Herbal Treatments for Anxiety and Panic Attacks

Anxiety, panic attacks, and other related disorders affect millions of people all over the world. Although mild anxiety is a very natural reaction to stress, it can becoming debilitating, causing sufferers to fear and dread even the most common, everyday situations. Physical symptoms can be just as bad for those with anxiety disorders. Heart palpitations, shaking, sweating, chest pains, stomach aches and headaches are among the many physical reactions anxiety can cause.

Although those suffering from anxiety disorders often find some measure of relief from traditional Western medicine, many drugs used to treat these problems are expensive, addictive, and have significant side effects. For these reasons, many people are seeking out alternative therapies for anxiety and panic attacks, including herbal remedies. Herbs can be taken in several forms, including teas, tinctures, and capsules. Here is an overview of some of the most popular and effective herbs used for treatment.


Of all the herbs used to treat anxiety, chamomile is probably the one most commonly found on kitchen shelves. Chamomile is often used to treat mild anxiety and insomnia, and is most commonly taken in a tea, although it is also available in tinctures and capsules. Very few side effects are associated with chamomile, but it should not be taken by anyone with allergies to plants in the daisy family, such as aster, daisy, chrysanthemum, marigold, and ragweed. Chamomile has a lightly sweet flavor, which also makes it popular as a tea drink.

Kava Kava

A member of the pepper family, kava kava is a plant native to South Pacific islands, and has long been used as a natural remedy for anxiety, insomnia, nausea and some symptoms of menopause. The active ingredients in the kava plant are called kavalectones, which are widely considered quite effective as a mild sedative. In the South Pacific, kava root is used to make traditional beverages, but commercial kava drinks are also available. Kava can also be taken as a supplement in pill or capsule form. Side effects are rare, but people with liver problems should consult their doctor before using kava.

Valerian Root

For thousands of years, valerian root has been used to treat symptoms of many ailments, including anxiety and sleeplessness, especially if taken regularly over a period of time. Derived from a plant native to Asia and Europe, valerian root can be steeped in a tea, or taken in a tincture or capsule form. Side effects are rare, but can include daytime drowsiness and dizziness. Valerian root has a very strong smell in its dried form, but when steeped in tea, it has an earthy flavor which is not unpleasant, especially with a bit of sugar or honey.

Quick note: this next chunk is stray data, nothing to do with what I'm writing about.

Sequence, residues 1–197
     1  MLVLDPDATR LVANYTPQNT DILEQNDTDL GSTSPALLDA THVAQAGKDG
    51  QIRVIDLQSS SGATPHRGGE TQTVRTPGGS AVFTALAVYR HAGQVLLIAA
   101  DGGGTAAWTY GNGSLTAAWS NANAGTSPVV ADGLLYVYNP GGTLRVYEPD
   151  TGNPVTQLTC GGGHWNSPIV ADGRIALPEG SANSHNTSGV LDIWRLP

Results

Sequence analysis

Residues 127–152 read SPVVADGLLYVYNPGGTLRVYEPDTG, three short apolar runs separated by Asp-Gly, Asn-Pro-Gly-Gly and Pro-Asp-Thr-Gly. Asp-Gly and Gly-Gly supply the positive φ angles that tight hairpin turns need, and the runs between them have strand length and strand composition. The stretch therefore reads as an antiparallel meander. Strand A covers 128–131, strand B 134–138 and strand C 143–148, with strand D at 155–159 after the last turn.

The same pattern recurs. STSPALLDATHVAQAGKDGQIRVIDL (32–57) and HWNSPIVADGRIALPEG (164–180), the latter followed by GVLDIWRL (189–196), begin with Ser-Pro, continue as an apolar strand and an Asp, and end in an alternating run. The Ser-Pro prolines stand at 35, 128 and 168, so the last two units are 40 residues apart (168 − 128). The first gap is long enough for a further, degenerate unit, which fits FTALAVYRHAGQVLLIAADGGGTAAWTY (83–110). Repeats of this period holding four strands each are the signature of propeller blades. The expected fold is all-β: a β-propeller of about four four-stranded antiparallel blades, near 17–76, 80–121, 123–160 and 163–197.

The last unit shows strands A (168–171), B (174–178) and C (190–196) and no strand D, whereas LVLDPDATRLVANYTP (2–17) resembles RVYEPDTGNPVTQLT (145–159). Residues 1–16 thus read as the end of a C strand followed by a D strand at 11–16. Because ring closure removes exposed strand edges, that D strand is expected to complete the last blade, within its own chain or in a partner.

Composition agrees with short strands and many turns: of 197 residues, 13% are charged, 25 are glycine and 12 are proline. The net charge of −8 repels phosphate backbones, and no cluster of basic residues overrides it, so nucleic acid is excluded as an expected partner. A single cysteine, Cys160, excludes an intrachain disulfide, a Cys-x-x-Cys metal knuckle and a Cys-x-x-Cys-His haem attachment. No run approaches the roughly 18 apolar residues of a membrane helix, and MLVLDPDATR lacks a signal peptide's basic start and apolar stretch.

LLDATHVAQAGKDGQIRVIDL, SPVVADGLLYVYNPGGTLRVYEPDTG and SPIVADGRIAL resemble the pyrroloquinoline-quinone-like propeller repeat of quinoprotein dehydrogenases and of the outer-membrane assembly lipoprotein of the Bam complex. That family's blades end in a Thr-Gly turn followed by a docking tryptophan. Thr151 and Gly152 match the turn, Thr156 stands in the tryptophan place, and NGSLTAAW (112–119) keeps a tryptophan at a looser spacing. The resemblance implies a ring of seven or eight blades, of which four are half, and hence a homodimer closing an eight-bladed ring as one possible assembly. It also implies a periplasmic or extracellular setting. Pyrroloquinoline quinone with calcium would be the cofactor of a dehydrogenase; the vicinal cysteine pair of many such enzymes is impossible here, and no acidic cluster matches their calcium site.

Passion Flower

Historically used by Native Americans and passed on to European colonists, passion flower has been show effective for treatment of insomnia, anxiety, depression, and other ailments. Passion flower is also known to have analgesic properties. Taken in the form of a tea, liquid extract, or tincture, passion flower has a distinctive herbal flavor. Though side effects are rarely reported, it does have the potential for interaction with other medications and supplements.

St. John’s Wort

Though most commonly used as a treatment for depression, St. John’s Wort has also shown promise treating anxiety. This supplement is usually taken daily in pill form, but is also available in teas and tinctures. St. John’s Wort is generally tolerated very well, with few side effects, but does have the potential for drug interaction.

The herbs listed above are just a few of the most commonly used to treat anxiety disorders and panic attacks. Herbal supplements are a wonderful way to treat many medical issues, often at less expense and with fewer side effects than with traditional medicines. Many resources on herbology are available, including books, websites, and professional herbologists. As with any new treatments, it is important to consult with a doctor to avoid health risks and potential for drug interactions.

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